Florida’s science and engineering workforce is smaller than those of most states when measured as a percentage of the state’s total workforce, according to the National Science Foundation.
Of all those employed in Florida in 2017, 3.49% were employed in science and engineering occupations. This is lower than the national rate of 4.83% and ranks Florida 39th among the 50 states plus DC.
The National Science Foundation includes engineers and scientists in the computer, mathematical, life, physical and social science fields in their count. They also include postsecondary teachers in these fields. Science and engineering managers, technicians, elementary and secondary schoolteachers, and medical personnel are not included.
Florida’s standing in the nation for the total science and engineering workforce and in each of the component fields are shown below.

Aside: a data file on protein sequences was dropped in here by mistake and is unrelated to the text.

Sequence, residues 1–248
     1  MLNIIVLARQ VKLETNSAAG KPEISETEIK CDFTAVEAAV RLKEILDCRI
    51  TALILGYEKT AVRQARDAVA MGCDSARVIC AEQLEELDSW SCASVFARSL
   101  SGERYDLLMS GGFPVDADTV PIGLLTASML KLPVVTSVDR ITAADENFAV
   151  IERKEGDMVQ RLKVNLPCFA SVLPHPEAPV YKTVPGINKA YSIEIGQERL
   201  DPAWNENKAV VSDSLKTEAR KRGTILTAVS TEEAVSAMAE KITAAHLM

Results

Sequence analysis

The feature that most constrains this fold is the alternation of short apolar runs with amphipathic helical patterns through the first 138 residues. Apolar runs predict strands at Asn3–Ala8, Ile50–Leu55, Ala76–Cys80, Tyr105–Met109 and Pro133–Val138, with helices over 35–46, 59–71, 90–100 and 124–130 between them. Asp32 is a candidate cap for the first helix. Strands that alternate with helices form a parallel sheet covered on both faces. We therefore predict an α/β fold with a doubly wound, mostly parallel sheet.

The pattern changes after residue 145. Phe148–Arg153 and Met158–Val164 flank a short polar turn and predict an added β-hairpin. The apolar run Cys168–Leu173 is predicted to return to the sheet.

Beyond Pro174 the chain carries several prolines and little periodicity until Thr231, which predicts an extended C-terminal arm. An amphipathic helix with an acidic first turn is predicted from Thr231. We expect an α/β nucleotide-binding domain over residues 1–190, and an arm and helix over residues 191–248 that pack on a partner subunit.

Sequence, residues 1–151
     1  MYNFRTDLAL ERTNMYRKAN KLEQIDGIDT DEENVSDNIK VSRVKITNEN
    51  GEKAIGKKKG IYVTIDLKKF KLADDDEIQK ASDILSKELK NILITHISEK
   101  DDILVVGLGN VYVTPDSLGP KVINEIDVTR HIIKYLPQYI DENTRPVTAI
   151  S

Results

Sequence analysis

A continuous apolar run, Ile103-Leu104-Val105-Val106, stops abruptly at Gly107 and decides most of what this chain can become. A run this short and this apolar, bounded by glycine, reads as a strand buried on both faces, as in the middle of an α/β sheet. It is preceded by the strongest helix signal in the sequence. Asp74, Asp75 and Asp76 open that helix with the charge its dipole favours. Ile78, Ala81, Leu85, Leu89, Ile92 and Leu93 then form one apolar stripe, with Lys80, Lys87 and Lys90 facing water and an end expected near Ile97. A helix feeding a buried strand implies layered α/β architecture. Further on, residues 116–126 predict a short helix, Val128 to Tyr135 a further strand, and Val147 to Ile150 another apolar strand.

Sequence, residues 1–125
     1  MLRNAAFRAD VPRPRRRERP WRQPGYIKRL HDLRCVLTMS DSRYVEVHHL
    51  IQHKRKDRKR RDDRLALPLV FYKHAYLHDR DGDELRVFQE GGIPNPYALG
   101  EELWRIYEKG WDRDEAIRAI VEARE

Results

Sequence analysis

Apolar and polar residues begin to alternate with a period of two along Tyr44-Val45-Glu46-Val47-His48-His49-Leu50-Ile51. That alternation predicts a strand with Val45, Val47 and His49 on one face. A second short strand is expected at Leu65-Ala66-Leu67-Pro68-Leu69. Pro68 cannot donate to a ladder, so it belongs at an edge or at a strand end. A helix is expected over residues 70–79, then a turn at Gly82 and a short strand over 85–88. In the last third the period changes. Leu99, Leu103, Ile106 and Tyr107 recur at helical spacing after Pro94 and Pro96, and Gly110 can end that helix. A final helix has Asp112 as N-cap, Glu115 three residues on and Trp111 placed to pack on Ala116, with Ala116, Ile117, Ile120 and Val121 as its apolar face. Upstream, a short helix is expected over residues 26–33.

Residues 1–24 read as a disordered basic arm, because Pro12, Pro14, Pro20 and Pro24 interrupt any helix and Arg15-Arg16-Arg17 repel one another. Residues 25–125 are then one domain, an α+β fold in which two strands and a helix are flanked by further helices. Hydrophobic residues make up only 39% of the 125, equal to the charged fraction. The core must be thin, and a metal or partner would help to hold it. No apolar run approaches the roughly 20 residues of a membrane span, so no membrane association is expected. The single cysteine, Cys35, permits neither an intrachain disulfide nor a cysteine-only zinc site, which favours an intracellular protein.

The fields included in the Foundation’s count of science and engineering occupations are among the best paid and most economically robust, and the low number of individuals in these fields is a negative for Florida’s economy.
The relatively small role played by science and engineering in Florida’s economy might explain in part the lack of interest by policy-makers in improving the preparation of the state’s students for careers in these fields. The state does a poor job of preparing K-12 students for college STEM majors.